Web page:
Two inscriptions from Roman forts on the road across the Pennines are now displayed in Cambridge: one is the Brough Stone now in the Fitzwilliam Museum, and the other is an inscription from Bowes, Co. Durham, now in the Museum of Archaeology and Anthropology (RIB 730; D 1970.3). (For the site of the fort now occupied by a castle.)
The Bowes inscription was transferred, along with 15 other inscriptions from various sites in Britain, from the library of Trinity College to the Museum of Archaeology and Anthropology in 1970. The altar has been known since at least 1600 when it appeared in Camden’s Britannia. It was found at the Roman fort of Bowes (Lavatrae) to the north-west of Richmond.
The altar is dedicated to the goddess Fortuna. The dedication is made by Virius Lupus, the governor of the province (from AD 197), who restored the bath-house that had been destroyed by fire. Virius Lupus is also known from another project at Ilkley that is dated to exactly the same period (RIB 637). The garrison unit is named as the 1st Cohort of Thracians (see also RIB 740 from the governorship of L. Alfenus Senecio, 205–c. 208). The work was carried out by Valerius Fronto, the cavalry prefect of the Vettonians, based at the fort of Binchester (Vinovia) to the north-east of Bowes.
The Senhouse Roman Museum at the Roman fort of Maryport on the Cumbrian coast contains an extensive series of Latin inscriptions. Among them is this altar (RIB 816), found in 1870 to the north-east of the fort. It was dedicated by the prefect of the Cohors I Hispanorum, L. Antistius Lupus Verianus, from Sicca in Africa (Numidia Proconsularis). David Breeze provisionally dates his command to 136 (and prior to 139 when the Cohors I Delmatarum arrived).
One of the reminders of the difficulty in constructing Hadrian’s Wall can be seen at Limestone Corner (MC30), to the east of Carrawburgh, where the ditch to the north of the wall was left unfinished. It is estimated that one of the single blocks removed from the ditch originally weighed 13 tons.
The west gate of the Roman Saxon Shore fort at Pevensey is marked (in the path) with a Ministry sign. The gate itself is flanked by massive bastions. The Roman walls in effect became an outer bailey for the medieval castle.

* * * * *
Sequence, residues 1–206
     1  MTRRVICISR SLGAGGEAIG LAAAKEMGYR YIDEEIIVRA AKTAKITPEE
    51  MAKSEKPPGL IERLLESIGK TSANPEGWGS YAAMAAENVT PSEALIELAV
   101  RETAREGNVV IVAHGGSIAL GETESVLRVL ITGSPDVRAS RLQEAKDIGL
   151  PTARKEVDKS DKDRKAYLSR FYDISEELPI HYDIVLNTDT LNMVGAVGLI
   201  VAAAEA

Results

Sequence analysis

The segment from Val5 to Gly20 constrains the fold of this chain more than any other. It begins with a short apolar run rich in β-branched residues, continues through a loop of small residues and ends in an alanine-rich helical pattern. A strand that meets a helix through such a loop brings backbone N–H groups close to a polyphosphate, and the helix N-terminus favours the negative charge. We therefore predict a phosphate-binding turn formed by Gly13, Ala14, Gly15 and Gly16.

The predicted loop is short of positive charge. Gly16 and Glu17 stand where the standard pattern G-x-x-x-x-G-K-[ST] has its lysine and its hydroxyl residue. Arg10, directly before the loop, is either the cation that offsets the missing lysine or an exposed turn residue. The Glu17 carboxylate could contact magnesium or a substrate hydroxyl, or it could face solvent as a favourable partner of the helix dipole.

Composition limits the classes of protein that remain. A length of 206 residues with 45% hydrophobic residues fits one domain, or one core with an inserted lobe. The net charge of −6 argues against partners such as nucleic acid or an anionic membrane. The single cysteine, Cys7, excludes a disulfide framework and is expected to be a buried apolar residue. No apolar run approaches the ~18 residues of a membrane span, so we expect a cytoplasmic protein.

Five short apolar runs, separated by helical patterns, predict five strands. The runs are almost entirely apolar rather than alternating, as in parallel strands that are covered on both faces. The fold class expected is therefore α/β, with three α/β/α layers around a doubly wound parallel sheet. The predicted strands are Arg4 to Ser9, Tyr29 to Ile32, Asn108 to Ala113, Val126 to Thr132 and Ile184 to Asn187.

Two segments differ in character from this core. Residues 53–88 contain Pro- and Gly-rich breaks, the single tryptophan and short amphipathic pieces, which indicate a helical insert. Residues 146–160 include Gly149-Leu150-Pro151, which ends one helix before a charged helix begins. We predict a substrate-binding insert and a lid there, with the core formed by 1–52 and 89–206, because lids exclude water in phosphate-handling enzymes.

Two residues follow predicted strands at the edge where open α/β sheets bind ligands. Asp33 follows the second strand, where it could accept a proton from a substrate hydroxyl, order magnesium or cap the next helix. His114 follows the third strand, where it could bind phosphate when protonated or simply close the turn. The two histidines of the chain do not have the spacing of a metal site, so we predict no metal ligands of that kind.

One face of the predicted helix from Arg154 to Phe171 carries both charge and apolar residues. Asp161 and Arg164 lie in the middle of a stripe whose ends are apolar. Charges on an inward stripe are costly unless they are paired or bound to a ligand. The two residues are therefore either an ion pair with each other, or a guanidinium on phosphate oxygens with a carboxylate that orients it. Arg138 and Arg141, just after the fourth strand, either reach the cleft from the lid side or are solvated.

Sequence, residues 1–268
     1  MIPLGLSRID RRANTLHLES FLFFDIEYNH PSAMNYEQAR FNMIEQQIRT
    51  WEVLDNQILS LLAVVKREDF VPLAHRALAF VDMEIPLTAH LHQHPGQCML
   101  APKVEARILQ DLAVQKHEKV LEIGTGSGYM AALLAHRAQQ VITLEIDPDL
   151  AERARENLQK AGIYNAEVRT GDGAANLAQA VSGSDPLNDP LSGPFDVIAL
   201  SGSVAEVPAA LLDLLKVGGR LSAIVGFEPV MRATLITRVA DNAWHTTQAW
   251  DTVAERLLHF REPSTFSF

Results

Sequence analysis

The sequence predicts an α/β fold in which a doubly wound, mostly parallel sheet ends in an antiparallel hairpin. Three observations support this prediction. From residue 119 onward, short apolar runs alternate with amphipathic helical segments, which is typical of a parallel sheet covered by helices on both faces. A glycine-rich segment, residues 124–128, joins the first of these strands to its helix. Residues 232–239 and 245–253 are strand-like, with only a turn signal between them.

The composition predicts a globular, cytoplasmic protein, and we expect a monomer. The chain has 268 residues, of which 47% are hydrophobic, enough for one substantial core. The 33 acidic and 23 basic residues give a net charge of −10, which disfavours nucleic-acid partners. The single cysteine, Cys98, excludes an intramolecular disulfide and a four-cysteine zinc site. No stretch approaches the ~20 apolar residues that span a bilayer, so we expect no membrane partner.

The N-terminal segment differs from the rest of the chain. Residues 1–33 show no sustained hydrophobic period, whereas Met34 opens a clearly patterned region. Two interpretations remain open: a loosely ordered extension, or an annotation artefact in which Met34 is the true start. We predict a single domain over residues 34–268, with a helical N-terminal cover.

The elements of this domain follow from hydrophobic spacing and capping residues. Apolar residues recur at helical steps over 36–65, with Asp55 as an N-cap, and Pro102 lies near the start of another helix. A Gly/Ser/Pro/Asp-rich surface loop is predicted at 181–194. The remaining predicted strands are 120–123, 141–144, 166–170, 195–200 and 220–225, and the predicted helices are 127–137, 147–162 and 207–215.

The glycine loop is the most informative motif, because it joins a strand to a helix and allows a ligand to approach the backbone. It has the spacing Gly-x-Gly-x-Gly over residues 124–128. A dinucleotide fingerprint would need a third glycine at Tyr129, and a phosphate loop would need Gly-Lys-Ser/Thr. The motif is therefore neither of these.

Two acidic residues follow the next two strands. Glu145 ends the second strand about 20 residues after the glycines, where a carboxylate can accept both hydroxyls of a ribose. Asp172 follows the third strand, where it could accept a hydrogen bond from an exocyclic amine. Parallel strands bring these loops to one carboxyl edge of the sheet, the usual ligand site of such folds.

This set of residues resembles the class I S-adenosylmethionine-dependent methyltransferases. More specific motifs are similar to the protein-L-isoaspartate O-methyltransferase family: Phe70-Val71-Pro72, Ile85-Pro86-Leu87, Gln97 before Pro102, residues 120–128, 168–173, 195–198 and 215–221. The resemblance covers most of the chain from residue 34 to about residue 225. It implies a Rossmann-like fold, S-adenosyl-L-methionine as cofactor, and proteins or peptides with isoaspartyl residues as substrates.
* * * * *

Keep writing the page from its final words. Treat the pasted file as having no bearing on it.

The sanctuary of Jupiter Dolichenus lies just inside the northern ramparts of the fort at Vindolanda. It was excavated in 2009.
One of the finds was a stone inscribed altar (now displayed in the museum). It bears a relief of Jupiter standing on the back of a bull. The inscription is dedicated to Jupiter Dol<o>chenus by Sulpicius Pudens, prefect of the Fourth Cohort Gallorum.
Sulpicius Pudens also appears on a second altar dedicated to Jupiter (but not Jupiter Dolichenus) that was found at Staward Pele in 1885 (RIB 1688). The earliest dedication to Jupiter was probably made by the prefect Quintus Petronius Urbicus dating to 213-235 (RIB 1686). Another prefect also made a dedication to Jupiter (RIB 1687). A fourth inscription, dedicated Naevius Hilarus, probably came from Vindolanda (RIB 2062). Some of these may have been dedicated in the praetorium building.
The Fourth Cohort Gallorum was stationed at Vindolanda from c. 213 to 367. The unit is identified in an inscription of c. 213 (RIB 1705). The unit is recorded in a building inscription of 223 (RIB 1706); it probably relates to the rebuilding of the south gate of the fort. The cohort is recorded on an inscription that dates to the reign of Probus, 276–282 (RIB 1710). Another prefect, Pituanius Secundus, erected an altar to the genius of the praetorium at Vindolanda (RIB 1685).
(Sir) Mortimer Wheeler and Tessa Wheeler prepared the first official guide to the Roman amphitheatre outside the legionary fortress at Caerleon (Isca Silurum) in 1935. The couple had excavated on the site in 1926–27. This guide reappeared as the Ministry of Works paper guide in 1950. It contains the sections: